U.S. President Barack Obama, through his ambassador to Canada, has every right to ask our federal government to do more to fight climate change. The United States is on track to meet its climate targets. Sunday in Washington, more than 30,000 people took part in the largest climate rally in U.S. history. Mr. Obama has committed more than $90-billion for clean energy. He recently made fighting climate change a major priority for his second term.
What’s happening in Canada? After U.S. Ambassador David Jacobson delivered the president’s message, the federal government issued a press statement headed, “Harper government continues to make concrete progress in environmental sustainability.” Nothing could be further from the truth. And Environment Minister Peter Kent’s response that “we are now well into and very close to finalizing regulations for the oil and gas sector” makes him the fourth Canadian minister in seven years to have made that exact same promise. Seven years and nothing.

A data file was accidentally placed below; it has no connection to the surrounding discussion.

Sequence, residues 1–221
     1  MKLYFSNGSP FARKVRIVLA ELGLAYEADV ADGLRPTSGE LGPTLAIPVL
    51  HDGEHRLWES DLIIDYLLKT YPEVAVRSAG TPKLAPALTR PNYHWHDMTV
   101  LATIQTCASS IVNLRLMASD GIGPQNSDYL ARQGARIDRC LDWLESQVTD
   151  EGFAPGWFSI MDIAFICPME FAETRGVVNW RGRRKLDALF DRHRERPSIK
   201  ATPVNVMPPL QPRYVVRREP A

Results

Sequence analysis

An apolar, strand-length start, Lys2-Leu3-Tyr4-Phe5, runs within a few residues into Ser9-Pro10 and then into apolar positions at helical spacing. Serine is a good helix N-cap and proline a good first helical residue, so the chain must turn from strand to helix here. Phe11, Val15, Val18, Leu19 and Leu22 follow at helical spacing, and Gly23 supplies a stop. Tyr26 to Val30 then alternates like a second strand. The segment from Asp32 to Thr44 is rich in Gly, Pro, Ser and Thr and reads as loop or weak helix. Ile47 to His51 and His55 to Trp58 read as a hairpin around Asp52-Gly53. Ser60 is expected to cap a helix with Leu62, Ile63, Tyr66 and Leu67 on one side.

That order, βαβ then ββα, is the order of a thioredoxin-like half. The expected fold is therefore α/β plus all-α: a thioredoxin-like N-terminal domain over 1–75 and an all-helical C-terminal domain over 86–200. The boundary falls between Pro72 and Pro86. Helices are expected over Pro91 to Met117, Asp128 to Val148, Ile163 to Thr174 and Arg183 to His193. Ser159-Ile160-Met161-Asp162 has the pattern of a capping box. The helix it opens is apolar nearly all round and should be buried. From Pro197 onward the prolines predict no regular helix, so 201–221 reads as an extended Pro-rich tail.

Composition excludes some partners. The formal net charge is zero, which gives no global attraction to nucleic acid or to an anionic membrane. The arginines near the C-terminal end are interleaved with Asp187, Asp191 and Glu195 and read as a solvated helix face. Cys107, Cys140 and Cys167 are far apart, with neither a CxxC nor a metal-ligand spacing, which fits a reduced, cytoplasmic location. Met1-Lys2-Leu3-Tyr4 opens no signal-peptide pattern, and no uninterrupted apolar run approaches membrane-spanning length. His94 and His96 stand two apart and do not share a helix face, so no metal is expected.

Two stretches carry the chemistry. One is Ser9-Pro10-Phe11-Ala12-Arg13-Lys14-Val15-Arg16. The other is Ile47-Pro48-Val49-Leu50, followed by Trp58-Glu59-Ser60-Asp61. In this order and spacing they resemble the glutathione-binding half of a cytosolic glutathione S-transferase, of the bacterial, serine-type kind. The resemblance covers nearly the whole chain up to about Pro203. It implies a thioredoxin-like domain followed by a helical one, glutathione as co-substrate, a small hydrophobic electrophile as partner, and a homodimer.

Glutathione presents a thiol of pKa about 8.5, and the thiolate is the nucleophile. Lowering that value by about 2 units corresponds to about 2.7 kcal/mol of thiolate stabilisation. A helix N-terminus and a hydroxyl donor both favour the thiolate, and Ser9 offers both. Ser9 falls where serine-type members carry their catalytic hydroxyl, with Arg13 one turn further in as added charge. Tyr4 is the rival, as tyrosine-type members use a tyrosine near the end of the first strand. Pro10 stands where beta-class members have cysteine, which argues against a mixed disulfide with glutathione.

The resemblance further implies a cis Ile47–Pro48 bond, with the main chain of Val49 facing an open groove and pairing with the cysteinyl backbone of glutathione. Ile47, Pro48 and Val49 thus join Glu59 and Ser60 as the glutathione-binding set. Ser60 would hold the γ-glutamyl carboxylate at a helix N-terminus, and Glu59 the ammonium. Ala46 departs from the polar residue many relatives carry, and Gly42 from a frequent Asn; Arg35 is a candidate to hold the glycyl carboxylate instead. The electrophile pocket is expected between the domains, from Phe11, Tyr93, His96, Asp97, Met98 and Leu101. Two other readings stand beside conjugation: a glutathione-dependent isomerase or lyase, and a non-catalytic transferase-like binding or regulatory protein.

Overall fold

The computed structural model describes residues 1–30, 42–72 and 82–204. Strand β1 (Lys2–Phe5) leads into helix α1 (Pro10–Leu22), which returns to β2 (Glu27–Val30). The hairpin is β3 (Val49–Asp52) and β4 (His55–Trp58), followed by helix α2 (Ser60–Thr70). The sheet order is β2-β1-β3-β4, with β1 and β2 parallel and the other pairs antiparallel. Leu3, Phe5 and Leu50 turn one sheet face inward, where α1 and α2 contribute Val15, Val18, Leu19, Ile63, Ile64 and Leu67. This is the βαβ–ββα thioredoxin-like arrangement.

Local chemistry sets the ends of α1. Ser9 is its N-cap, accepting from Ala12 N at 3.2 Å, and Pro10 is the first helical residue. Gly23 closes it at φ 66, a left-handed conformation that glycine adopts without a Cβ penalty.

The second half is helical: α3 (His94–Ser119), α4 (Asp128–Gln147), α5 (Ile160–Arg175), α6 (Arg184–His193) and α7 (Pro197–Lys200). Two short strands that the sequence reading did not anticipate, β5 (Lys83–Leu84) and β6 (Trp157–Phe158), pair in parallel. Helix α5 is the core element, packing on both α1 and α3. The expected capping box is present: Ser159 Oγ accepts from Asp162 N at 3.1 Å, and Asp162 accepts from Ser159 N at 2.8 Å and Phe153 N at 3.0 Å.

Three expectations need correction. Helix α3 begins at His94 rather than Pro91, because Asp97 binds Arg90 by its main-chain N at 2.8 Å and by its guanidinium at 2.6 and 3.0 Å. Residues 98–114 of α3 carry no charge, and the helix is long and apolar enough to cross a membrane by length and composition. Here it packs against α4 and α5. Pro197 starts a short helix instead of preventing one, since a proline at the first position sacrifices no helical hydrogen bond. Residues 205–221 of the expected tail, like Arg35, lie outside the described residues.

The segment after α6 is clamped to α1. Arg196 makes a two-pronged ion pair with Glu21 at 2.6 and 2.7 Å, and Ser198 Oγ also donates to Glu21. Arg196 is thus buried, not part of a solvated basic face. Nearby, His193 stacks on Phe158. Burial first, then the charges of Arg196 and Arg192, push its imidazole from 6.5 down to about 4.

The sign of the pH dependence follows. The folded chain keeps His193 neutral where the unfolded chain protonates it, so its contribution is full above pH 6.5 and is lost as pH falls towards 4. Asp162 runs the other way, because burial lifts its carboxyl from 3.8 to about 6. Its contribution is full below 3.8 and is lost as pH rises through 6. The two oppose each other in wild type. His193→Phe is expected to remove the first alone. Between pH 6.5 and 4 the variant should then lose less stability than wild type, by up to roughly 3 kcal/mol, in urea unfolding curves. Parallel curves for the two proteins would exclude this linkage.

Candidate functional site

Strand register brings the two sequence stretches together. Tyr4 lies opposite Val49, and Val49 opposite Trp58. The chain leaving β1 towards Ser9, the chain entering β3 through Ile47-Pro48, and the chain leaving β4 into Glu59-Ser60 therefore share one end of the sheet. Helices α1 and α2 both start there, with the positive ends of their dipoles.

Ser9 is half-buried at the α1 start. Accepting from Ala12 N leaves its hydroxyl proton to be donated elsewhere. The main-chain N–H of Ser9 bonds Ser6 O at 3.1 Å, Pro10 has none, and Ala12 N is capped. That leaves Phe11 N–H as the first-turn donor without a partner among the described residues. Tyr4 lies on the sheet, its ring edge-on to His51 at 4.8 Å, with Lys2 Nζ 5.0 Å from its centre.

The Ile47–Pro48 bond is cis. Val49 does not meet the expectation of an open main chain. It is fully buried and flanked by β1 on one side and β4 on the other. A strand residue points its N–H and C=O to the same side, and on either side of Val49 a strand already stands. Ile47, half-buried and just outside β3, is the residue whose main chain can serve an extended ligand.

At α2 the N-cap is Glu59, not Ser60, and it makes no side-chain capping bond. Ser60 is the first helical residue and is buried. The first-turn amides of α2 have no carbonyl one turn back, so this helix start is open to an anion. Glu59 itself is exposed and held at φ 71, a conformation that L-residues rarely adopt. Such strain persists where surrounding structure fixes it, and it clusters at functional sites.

The government’s own analysis finds we’ll only get halfway to Canada’s weakened 2020 goal. Yet there is not one federal regulation on climate pollution from the oil sands. Meanwhile oil-sands emissions continue to soar.
Unfortunately this is just the start. To expedite pipeline approvals, the federal government used its 2012 federal budget bill to force through sweeping changes to environmental laws that could have stood in the way of rapid pipeline approval. The government has also cut support for climate research.
The fact is that the government and industry plan to triple oil sands production in the next seven years.
Read more: The Globe and Mail >>
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About the AuthorKarl Burkart is the Digital Communications Director for the GCCA, the Global Call for Climate Action, and TckTckTck, a network of 400+ diverse organizations working around the world for greater action on the growing problem of climate change. Karl also blogs on technology and the environment for a variety of publications. You can follow him on Twitter @greendig.
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